If this feature didn’t exist, then I wouldn’t care. But the problem is that sometimes it does work. And it’s beautiful. But when it doesn’t, how am I to update myself the Last Pass vault entry, if I don’t have any clue of the new password! It only leaves me with the option to click on the “I forgot my password” on the site. Generate another password and remember to copy it. Then, and this is just ridiculous, if Last Pass doesn’t automatically detect the new password this time, I manually updated it in the vault.

And those are my complaints of Last Pass. I still have one HUGE complain. During this process of changing the passwords, I found out that there are sites that handle this request easely, and others that makes it impossible to the user to reach its goal. Some of them let you change the password only if you click on the “I forgot my password”. But there is one site that is thw worst of all.
dish.com.mx – I mean… they don’t event let you change your password. So I clicked on the forgotten password button, to then realize that they just sent me my password via email. OMG. That is so badly implemented. In fact I made a public complaint in Twitter. But they account is mostly offline.

And I guess that its everything I have to share about my experience. If you feel like asking something, please do.

Cheerio.

Miguel Montoya
Esperanto enthusiast
ʕ•ᴥ•ʔ

What I’ll do this week (April 23)

--Originally published at Hermes's Blog

This week I plan to finish the test and have at least 70% of the api code covered. We already have all signup, login, profile and delete account functionality tested and passing. I tried to include the tests in the travis-ci build but it seems to have problems with the neo4j service, neo4j is throwing this error:

Uncaught error when processing result: Neo4jError: 140223444313984:error:140770FC:SSL routines:SSL23_GET_SERVER_HELLO:unknown protocol:../deps/openssl/openssl/ssl/s23_clnt.c:827

And I just don’t know why, should I just remove the https code when the code is being executed in travis? Maybe it’s because it does not find the key and certificate, but I don’t see why that would be the case, I’ll try again anyway.

What I did this week (April 16)

--Originally published at Hermes's Blog

This week I started helping with the testing. I solved the issues that they were facing with the cookie. Marco is creating the web application and, when he was developing, found some bugs in the api, these are already fixed. Marco (and someone else that I’m not aware of, I guess) integrated the firebase chat to the app. That’s nice, altough it’s kind of ugly, but hey, it works.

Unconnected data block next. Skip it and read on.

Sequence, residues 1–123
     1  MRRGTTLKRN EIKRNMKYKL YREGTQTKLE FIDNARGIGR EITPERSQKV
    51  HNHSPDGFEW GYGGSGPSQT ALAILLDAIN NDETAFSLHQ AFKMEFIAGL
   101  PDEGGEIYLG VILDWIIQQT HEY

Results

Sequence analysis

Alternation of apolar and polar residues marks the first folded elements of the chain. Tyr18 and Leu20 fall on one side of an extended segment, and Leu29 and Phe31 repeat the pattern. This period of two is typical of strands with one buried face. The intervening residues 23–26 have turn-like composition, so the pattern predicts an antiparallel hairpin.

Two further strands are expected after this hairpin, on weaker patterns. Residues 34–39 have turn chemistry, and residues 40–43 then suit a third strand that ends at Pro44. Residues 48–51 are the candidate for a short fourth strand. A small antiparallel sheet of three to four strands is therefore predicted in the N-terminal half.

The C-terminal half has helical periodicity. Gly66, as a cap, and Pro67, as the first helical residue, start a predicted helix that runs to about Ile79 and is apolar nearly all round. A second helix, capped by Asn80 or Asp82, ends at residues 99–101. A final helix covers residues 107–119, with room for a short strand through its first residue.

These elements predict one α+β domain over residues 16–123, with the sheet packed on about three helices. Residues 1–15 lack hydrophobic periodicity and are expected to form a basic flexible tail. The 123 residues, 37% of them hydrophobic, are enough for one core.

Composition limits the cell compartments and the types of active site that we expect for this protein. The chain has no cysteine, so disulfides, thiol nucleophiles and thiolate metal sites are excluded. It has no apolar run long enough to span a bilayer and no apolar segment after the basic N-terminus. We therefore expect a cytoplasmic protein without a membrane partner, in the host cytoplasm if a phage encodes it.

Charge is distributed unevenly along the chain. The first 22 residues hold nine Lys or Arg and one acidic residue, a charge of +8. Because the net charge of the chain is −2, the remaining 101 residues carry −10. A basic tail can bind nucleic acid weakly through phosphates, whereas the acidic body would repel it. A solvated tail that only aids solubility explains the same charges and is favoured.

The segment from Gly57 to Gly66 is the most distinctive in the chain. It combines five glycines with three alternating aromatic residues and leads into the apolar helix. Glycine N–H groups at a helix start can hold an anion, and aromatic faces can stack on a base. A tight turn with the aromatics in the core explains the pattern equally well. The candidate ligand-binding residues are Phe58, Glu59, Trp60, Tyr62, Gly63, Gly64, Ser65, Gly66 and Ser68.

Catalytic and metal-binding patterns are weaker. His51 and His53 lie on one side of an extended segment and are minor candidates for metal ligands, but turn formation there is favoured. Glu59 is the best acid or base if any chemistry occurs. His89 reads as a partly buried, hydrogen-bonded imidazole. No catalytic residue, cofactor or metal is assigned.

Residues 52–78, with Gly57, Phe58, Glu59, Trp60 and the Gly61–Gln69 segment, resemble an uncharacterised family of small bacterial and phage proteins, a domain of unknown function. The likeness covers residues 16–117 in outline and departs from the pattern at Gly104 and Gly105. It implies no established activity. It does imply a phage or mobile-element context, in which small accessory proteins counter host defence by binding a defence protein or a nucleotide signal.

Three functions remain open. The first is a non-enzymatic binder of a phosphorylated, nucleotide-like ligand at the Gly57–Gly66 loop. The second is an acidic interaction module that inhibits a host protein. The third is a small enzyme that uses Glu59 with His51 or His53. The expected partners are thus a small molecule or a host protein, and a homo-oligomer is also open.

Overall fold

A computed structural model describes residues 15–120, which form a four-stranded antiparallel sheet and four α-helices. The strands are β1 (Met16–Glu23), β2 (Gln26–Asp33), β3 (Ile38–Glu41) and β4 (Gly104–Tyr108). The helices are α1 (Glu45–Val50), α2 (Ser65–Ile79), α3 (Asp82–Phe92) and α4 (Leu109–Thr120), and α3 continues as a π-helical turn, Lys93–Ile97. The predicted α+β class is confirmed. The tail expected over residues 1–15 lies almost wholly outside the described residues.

We know we may have some security issues, in the chat and some parts of the api, but no can do, we are aware of that and will not fix it, we have to finish the things that we need to present in the demo.

Week 12 (1): Internationalized

--Originally published at Ce qui est chouette

This week me and Miguel worked with internationalization of the game, Miguel worked on the different string for the levels, a general way of handling them, and I did the selecting of the language from a querystring in the URL, and loading the strings that would be shown in the menu. With this features done, we’re just going to be designing and testing new levels.

– Worldwide Guy

No level – End of Week 13

--Originally published at That Class Blog

So previously (TO-DO) I committed to doing 3 issues. And sadly I just accomplished 2 of them. According to myself, I completed the two most important issues, and I left the boring and “difficult” to deal with one. And I’m talking to the creation of level 5. I didn’t have time for its development, and it’s also so booooooring and tiring to try and match the size of the figures to the ones I have in mind.

No level – End of Week 13
“Undone” from Wayne Stadler (License: https://creativecommons.org/licenses/by-nc-nd/2.0/). Taken from https://www.flickr.com/photos/waynerd/5125189682/

But now, onto the stuff that I actually did.

The first issue consisted in creating the Mongoose schema to hold the texts that some levels have. It should hold the texts in multiple languages. This part was easy. in fact, it is the shortest schema we have.

The second issue consisted in simply updating the Mongoose schema of levels. This meant only changing the text field with a boolean (Because the text now is held in the level-text document). This was also very easy.

So, what wasn’t easy? The middle ground of this two issues. This consisted in updated the server routes. Make a new route to deliver the text of the level. Make the BD connections for this level to be fetched. Make the HTTP requests from the client to the server. Update the way the level is loaded and decide whether or not a fetch for the texts is needed. And the worst of it was: Updating the level development script so you could modify both the level document and the texts document at the same time.